[Laughs] Well, I don’t want to spoil anything that’s in the movie but we did a lot of different versions of it. I think we all agreed that that was going to be the biggest challenge because that’s the big expectation. How do you up it? How do you best Ruprecht? And I think at the end of the day, we really felt like it wasn’t about besting Ruprecht because that is its own piece that exists in comedy canon. We tried a lot of different things on the page. There were huge ideas and ultimately we went with something that worked with Rebel’s particular comedy stylings and it makes me laugh, so I hope it’ll make everyone else laugh.
It looks like the free food on the train con is faithful but adds some modern elements to get men to feel sorry for her. Is that accurate?
Yes, that is accurate. A lot of the different pieces are like that where it’s similar to the original but with added layers, with added nuance that are specific to the gender swap and specific to Rebel herself.
For people who know Dirty Rotten Scoundrels backwards and forwards like I do, do you have surprises in store for them?
Yes, there are new surprises in this film.
You mentioned the scene work. How much did change from what you wrote to when they were on the set and improvising?
I was lucky enough to be on set myself so I was involved in some of that which was great. I adore our director, Chris Addison who is a deeply funny man with wonderful instincts and just the best guy to work for. In the writing process it was just Rebel and me early on and I would deliver things and she had great ideas for enhancing, for putting things more in her voice, for joke alts and punches and that kind of thing. Then when we were on the set, there was room for improv because that is very much her specialty. We would decide this is a moment for a bunch of alts so Chris and I would come up with a list of 10 insults for this line. A lot of the movie is the two of them insulting each other, and of course Rebel would come up with her own and Annie is actually a tremendous improviser but it’s not what she’s known for. I think she perhaps even surprised herself but she is deeply funny because of how she immerses herself in characters and because she’s so game for the accents and for all the moving parts. She actually came up with a number of really great things on set.
This will be your second produced film. I know how the industry works. Have you been working a lot since TiMER?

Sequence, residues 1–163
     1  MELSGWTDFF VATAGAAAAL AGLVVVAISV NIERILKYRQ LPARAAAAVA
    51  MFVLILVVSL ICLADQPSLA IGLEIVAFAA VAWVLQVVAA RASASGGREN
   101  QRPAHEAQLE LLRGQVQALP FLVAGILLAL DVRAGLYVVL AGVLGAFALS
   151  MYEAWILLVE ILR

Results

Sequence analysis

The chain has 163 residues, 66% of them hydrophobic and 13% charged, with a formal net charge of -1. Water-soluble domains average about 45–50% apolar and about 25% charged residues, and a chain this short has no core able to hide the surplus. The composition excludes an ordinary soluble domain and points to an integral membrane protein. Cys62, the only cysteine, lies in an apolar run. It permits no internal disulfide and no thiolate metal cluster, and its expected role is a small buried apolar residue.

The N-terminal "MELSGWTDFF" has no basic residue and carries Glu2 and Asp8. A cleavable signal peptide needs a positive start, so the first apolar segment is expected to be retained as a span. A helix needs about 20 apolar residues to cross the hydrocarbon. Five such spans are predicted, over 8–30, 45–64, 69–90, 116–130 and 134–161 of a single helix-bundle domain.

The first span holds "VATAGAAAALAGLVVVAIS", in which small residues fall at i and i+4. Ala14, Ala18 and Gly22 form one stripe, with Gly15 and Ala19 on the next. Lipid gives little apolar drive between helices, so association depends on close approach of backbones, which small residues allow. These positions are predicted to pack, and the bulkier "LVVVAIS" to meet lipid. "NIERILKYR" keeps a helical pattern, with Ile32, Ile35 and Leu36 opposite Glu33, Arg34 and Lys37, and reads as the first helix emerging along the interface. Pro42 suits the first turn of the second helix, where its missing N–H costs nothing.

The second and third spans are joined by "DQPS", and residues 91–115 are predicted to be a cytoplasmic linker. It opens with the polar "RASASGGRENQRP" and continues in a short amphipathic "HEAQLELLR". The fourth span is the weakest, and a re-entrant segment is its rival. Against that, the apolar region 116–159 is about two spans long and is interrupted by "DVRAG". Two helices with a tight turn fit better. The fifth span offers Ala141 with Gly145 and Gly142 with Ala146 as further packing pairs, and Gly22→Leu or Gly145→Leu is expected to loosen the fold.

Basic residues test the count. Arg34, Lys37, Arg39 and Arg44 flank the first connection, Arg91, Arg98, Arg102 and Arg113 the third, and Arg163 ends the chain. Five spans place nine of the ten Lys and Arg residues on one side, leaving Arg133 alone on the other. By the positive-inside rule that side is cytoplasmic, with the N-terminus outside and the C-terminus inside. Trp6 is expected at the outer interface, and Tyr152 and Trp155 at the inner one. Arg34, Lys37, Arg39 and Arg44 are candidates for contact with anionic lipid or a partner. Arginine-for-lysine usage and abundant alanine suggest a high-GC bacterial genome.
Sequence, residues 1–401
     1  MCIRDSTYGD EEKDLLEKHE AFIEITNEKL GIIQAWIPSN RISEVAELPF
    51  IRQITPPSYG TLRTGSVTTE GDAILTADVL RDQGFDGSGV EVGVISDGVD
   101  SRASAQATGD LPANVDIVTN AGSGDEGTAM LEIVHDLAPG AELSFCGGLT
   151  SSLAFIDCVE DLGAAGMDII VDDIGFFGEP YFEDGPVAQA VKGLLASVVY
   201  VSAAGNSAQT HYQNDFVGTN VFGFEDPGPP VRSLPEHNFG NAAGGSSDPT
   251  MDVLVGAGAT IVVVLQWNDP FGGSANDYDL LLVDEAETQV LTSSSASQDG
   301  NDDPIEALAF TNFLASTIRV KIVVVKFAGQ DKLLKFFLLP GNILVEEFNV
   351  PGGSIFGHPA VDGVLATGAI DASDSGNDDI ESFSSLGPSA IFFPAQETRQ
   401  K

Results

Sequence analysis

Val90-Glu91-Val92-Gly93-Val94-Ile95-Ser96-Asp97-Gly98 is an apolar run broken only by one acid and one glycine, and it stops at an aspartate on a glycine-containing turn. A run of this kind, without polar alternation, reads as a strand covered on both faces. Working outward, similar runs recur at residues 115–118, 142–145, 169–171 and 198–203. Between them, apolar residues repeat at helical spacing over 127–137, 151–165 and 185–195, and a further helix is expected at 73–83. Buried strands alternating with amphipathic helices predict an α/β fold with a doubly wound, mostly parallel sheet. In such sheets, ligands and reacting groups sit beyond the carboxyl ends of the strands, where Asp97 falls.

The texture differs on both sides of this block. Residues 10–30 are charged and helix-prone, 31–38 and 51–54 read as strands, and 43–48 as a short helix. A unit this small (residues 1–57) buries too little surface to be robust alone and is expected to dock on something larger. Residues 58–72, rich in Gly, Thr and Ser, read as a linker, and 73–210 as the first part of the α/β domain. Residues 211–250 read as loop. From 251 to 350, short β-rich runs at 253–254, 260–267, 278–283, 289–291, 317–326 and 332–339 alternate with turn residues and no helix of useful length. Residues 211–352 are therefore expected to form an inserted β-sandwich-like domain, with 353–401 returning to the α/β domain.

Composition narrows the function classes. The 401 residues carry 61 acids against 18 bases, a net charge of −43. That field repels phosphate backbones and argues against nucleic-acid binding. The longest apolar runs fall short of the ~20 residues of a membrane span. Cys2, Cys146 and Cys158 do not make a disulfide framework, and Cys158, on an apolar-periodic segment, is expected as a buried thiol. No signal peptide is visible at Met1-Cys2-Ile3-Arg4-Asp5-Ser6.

Yes. It’s funny how that works, how you can be a gainfully employed screenwriter and filmmaker and producer for many, many years and not everything makes it to the screen. The short answer is yes. I’ve worked on a number of different things and am currently very busy, but just the two official screen credits so far.
When you got hired to run WandaVision, did you get to be privy to the end of Avengers: Endgame early?
Now we’re getting into territory where I’m really afraid. I think shouldn’t get into that. Thank you for your patience with that. We sign our lives away here at Marvel.
I understand. We interview tons of Marvel people so try to think of things you can talk about and not get in trouble. Could you speak to working with Disney+?
I don’t work with them directly. I’m very excited to be working on a show that will be on that platform. I can’t actually speak about working with them.
How about the process of being a showrunner?
Sure, I can talk about that. I love it. When I first started out in my career, I was an assistant to an executive producer who had a deal at ABC. So I was with him for about two years and a handful of shows that I watched go into various stages of development and production. At the time, I realized it wasn’t for me, the network model of developing and producing television so I left and went into features and stayed there. So it’s a huge surprise for me to be back in television after so many years and having just written, directed and produced features. I think it’s unique to this moment of peak TV and the streaming model and doing limited series. It’s very different than what it was when I first started out and I adore it. I have an incredible room full of writers that inspire me and who are good people and talented people. I really enjoy working for Marvel and I respect what they’re trying to do. The characters are infinitely interesting so I’m grateful to be doing this.
We’ve heard about Marvel’s writers program. Were you by any chance part of that?
I was not. I came in actually right after finishing The Hustle. I was hired to write Black Widow and that’s how I landed here.
Is that the Black Widow script they’re going to make?
I can’t answer that.
Right, of course. Do you see yourself as a comedy writer or just a writer?
That’s an interesting question. When I was on The Hustle, I thought oh, I guess I’m a comedy writer. Now that I’ve been working on these Marvel projects that’s not really how I identify. I think everything I do has a comedy piece to it but now I’m very much in action space. As you know with Marvel movies, there is a surprising amount of drama and pathos. I think if pressed, I would say I am a screenwriter.